David A. Greene

I am writing this in the quiet of the holiday season. The calendar tells me that we are only days away from the third decade of what I still think of as the new century, but I realize that, like most of us, my conception of time has shifted throughout my life. The distance between today and yesterday has narrowed, and the view into the future is less expansive than it was not long ago.

Our three children were born at the crest of the 21st century, and now our oldest, Madeline, is preparing to graduate from Colby in May. Nora is in her sophomore year at Bowdoin, and Declan’s dream just came true when he was admitted to Colby’s Class of 2024. As I write, sitting in front of me is a photo of the three of them resting on Carolyn’s lap—miniature versions of the wonderful adults they are becoming. Wasn’t that yesterday? It feels that way.

We are blessed to have our children in Maine where they can receive a world-class education, take advantage of the state’s remarkable assets, and still be nearby so we can enjoy each other’s company. We love spending time together, which is one reason this holiday season feels extra special—and a bit poignant. With Madeline graduating and moving out of Maine, will these seasons that we spend taking long walks together, cooking as a team, laughing and teasing endlessly, and fighting for control of the music be coming to an end? That’s not a thought I cherish. With these memories of the past and glimpses of the future, I choose to live fully in the present—a fortunate time for us.

And our children, because of their exceptional educations, will have options wherever they decide to settle. They are fortunate indeed. But that is not the case for many children in Maine who are growing up in a state with an aging population, a declining workforce, and a median household income of $56,000. This beautiful state has to be more than a special place to attend college or vacation. It needs to be a place where higher education is affordable and where a thriving new economy provides ample opportunities for all those who choose to live in this remarkable part of the world.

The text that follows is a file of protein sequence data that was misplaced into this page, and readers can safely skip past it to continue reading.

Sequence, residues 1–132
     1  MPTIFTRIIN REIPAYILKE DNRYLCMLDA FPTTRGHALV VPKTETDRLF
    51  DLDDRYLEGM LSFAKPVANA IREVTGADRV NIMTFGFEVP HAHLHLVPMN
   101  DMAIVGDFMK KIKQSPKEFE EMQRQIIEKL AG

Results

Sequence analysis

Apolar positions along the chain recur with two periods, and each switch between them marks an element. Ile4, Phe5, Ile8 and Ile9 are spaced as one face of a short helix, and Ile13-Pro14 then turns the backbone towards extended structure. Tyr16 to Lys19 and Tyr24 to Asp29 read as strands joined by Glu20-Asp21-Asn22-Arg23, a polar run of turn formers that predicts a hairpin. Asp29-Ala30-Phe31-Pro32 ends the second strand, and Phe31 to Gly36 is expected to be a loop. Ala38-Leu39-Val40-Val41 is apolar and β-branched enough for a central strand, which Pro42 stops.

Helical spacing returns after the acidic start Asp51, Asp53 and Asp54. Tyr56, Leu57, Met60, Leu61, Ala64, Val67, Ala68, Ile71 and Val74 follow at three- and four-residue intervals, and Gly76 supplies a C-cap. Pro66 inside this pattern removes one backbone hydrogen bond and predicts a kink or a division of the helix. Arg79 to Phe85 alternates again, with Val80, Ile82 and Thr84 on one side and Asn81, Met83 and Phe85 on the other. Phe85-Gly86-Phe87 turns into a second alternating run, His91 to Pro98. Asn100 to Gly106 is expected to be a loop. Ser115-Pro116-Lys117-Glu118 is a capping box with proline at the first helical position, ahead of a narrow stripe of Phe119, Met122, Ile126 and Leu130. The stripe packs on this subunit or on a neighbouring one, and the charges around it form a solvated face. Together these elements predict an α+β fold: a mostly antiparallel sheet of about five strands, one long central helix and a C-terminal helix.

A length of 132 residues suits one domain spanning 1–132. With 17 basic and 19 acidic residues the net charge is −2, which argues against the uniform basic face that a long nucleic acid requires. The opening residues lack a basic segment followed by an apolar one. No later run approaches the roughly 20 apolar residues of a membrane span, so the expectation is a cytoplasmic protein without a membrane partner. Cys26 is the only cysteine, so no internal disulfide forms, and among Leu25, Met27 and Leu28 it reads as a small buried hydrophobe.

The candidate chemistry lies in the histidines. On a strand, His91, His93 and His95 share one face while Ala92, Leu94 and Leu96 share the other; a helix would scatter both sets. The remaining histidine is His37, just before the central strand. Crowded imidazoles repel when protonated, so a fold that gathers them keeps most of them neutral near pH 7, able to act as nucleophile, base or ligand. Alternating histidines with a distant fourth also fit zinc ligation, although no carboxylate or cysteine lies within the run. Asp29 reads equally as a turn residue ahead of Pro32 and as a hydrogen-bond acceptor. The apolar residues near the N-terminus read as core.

At Colby we are committed to doing our part. Our new financial aid programs are opening the doors for students from low- and middle-income families. With an expected family contribution of $0 for families with incomes of up to $65,000 with typical assets and no more than $15,000 a year for families with incomes up to $150,000 and typical assets, for roughly nine out of 10 families in Maine Colby would be the most affordable choice for a four-year education—even more affordable than state universities.

We are also doing our part to stimulate economic growth, as evidenced by the results of a recent independent analysis of Colby’s economic impact locally and throughout Maine. We initiated the study because it seemed the right time given the investments we have been making at the College and in Waterville, but it was also important to do now because Maine needs local and statewide stratagems for encouraging economic growth and opportunity. It turns out that over the last five years Colby has contributed $1.5 billion to the Maine economy, most of that in Waterville and our surrounding towns. Our investments have turned the tide in our hometown, leading to a 6-percent increase in population and workforce, while overall our county mirrors others in Maine with a steady decline in both of these statistics. There are hundreds of new jobs in our city, property values are on the rise after decades of stagnation, and new investments are pouring into affordable housing, businesses, and infrastructure. A recent editorial in the Portland Press Herald about the state’s economy concluded with the following: “As our population ages, the state’s future relies on institutions that can attract and retain people who want to live and work here. What’s happening at Colby College shows what can and should be done.”

We can be proud of these efforts that are making a meaningful difference for Waterville, but we shouldn’t rest until the young people of this state and their families can imagine a future here where they can prosper and be rewarded for living a good and productive life. It is not too much to ask as we head into this new decade. And there is no time to waste. Somehow the days, weeks, and years—even the decades—fly by.

David A. Greene

David A. Greene